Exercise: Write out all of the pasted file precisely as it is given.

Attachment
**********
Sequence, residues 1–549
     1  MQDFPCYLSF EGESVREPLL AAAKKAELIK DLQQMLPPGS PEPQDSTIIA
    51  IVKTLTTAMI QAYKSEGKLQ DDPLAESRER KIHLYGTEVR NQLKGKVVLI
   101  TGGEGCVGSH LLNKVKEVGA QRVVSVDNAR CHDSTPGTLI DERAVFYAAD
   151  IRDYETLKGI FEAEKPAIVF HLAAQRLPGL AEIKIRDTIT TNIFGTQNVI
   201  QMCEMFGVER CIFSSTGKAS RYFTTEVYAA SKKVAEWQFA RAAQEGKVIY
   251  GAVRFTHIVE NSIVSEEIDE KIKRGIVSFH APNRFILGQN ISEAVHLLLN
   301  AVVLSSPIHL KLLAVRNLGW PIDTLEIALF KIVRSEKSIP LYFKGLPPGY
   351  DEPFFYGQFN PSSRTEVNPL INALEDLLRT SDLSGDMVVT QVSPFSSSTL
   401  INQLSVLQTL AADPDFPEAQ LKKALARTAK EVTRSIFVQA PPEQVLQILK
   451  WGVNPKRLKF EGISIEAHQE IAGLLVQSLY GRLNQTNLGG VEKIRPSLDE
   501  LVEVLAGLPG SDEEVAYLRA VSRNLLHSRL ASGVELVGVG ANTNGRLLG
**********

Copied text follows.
Sequence, residues 1–549
     1  MQDFPCYLSF EGESVREPLL AAAKKAELIK DLQQMLPPGS PEPQDSTIIA
    51  IVKTLTTAMI QAYKSEGKLQ DDPLAESRER KIHLYGTEVR NQLKGKVVLI
   101  TGGEGCVGSH LLNKVKEVGA QRVVSVDNAR CHDSTPGTLI DERAVFYAAD
   151  IRDYETLKGI FEAEKPAIVF HLAAQRLPGL AEIKIRDTIT TNIFGTQNVI
   201  QMCEMFGVER CIFSSTGKAS RYFTTEVYAA SKKVAEWQFA RAAQEGKVIY
   251  GAVRFTHIVE NSIVSEEIDE KIKRGIVSFH APNRFILGQN ISEAVHLLLN
   301  AVVLSSPIHL KLLAVRNLGW PIDTLEIALF KIVRSEKSIP LYFKGLPPGY
   351  DEPFFYGQFN PSSRTEVNPL INALEDLLRT SDLSGDMVVT QVSPFSSSTL
   401  INQLSVLQTL AADPDFPEAQ LKKALARTAK EVTRSIFVQA PPEQVLQILK
   451  WGVNPKRLKF EGISIEAHQE IAGLLVQSLY GRLNQTNLGG VEKIRPSLDE
   501  LVEVLAGLPG SDEEVAYLRA VSRNLLHSRL ASGVELVGVG ANTNGRLLG